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Photo by Shawn McAfee of UW Oshkosh Learning Technologies

The U.S. Environmental Protection Agency (EPA) awarded the University of Wisconsin Oshkosh a more than $1 million grant this week as part of an ongoing Great Lakes Restoration Initiative.

The federal grant is the fourth in two years for UW Oshkosh, bringing the total grant money awarded to the University to more than $2.2 million to fund innovative studies that bring together academic institutions, private corporations and local municipalities to research and evaluate Wisconsin beaches. The new funding will help build a collaboration between UW Oshkosh and the City of Racine Health Department.

In Wisconsin, UW Oshkosh was one of eight organizations to receive funding and was awarded largest amount of grant dollars ― $1,073,630 ―toward the Great Lakes Restoration Initiative.

UW Oshkosh’s work on the initiative includes sanitary surveys along the entire Great Lakes shoreline of Wisconsin, multiple rapid testing facilities, beach re-engineering and site assessments to determine pollutant sources and mitigation measures. This project is expected to improve water quality and protect public health at Great Lakes beaches by quickly indentifying bacterial contamination and developing solutions to improve water quality.

UW Oshkosh student interns work at five laboratories and analyze water samples from dozens of sites in 10 different Wisconsin counties. Their findings are shared with EPA. The program began in 2003 with six students working in seven counties. Since then, the research program has grown to include more than 150 UW Oshkosh graduate and undergraduates gathering and analyzing water samples, conducting experiments and presenting findings at scientific gatherings and conferences.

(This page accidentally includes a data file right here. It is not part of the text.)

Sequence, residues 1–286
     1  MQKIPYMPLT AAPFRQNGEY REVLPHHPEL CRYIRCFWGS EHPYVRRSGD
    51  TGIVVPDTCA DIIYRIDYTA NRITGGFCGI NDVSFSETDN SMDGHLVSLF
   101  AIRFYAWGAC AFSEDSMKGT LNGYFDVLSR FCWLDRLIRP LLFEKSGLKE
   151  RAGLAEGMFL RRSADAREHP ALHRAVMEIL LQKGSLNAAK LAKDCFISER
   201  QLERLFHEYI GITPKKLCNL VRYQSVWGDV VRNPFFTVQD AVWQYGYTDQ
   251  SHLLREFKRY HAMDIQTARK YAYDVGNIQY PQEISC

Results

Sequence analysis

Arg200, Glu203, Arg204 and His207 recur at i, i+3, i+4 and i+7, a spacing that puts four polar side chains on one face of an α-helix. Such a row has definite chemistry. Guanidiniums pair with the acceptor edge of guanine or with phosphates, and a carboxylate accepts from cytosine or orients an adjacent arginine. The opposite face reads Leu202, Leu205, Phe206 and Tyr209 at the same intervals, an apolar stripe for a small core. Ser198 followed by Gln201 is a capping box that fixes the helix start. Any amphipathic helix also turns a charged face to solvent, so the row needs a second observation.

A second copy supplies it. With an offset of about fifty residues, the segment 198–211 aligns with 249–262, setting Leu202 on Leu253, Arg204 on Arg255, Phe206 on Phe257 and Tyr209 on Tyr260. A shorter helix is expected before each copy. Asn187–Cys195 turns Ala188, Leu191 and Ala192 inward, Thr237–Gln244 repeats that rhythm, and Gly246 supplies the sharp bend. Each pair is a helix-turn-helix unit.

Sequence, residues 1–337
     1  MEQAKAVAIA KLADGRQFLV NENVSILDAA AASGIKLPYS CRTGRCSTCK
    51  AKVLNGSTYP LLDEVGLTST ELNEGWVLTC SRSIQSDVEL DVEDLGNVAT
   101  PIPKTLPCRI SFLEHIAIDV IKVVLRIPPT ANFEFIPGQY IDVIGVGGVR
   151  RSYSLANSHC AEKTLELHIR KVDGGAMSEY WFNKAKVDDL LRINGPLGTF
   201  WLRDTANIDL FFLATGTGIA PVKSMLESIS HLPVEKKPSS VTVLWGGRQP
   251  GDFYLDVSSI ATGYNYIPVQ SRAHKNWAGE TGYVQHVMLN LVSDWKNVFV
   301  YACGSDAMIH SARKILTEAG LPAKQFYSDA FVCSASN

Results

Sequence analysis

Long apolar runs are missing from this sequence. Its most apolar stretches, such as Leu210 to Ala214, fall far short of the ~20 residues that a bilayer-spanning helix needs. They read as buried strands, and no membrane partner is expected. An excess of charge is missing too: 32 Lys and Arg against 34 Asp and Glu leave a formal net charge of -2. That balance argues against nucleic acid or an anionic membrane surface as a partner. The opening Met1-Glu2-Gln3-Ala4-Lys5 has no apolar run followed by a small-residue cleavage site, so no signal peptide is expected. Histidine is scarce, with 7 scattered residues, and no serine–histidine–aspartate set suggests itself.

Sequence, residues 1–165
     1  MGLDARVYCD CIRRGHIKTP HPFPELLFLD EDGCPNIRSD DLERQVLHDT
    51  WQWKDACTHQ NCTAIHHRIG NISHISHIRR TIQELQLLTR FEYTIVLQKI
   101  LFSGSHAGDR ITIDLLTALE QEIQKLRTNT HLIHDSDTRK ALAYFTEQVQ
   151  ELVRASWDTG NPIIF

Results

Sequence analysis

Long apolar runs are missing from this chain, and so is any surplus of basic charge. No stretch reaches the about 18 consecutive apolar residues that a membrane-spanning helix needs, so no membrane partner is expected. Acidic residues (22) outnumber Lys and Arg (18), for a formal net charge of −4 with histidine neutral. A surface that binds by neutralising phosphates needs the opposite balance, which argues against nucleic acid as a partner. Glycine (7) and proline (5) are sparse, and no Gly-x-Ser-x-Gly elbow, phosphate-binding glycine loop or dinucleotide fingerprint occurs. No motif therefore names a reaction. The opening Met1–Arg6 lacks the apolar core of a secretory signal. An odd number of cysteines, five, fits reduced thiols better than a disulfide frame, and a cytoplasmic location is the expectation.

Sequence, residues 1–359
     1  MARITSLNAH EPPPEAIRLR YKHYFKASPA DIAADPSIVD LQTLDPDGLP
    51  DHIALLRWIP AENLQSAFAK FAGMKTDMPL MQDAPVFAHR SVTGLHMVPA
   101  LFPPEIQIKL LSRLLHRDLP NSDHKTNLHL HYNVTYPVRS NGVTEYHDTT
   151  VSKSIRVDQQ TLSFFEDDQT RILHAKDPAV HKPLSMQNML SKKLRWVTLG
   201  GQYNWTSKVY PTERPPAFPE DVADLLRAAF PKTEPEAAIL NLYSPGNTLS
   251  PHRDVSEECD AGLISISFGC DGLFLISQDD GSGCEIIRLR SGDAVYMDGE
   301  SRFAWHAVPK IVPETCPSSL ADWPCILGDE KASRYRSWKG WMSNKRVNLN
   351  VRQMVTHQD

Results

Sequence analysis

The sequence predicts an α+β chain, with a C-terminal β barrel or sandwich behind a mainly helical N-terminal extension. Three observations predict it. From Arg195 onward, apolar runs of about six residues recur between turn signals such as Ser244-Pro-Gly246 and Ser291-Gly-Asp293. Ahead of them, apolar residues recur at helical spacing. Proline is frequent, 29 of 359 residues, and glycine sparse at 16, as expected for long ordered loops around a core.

While providing students with a first-hand experience to work in the field, the project will also provide beach engineering solutions to pollution problems, resulting in better water quality, a protection of public health and increased revenues for municipalities from increased beach usage.

“Students are able to apply classroom and laboratory concepts and techniques to real-world applications that have an economic and environmental impact on dozens of communities around Wisconsin,” said Greg Kleinheinz, associate dean for auxiliary programming in the College of Letters and Science and professor of environmental microbiology who is leading the initiative at UW Oshkosh. “This award is yet another accolade to the students, staff and faculty who have been working to improve the quality of Wisconsin’s beaches.”

The EPA has set aside nearly $4 million in awards this year, which will be awarded to state organizations and agencies. The initiative, which is part of a program campaign promise by President Barack Obama, is one of the largest investments in the Great Lakes in two decades.

In 2008, Kleinheinz said 13 percent of Great Lakes beaches exceeded health standards, 90 percent of which were attributed to unknown pollution sources.

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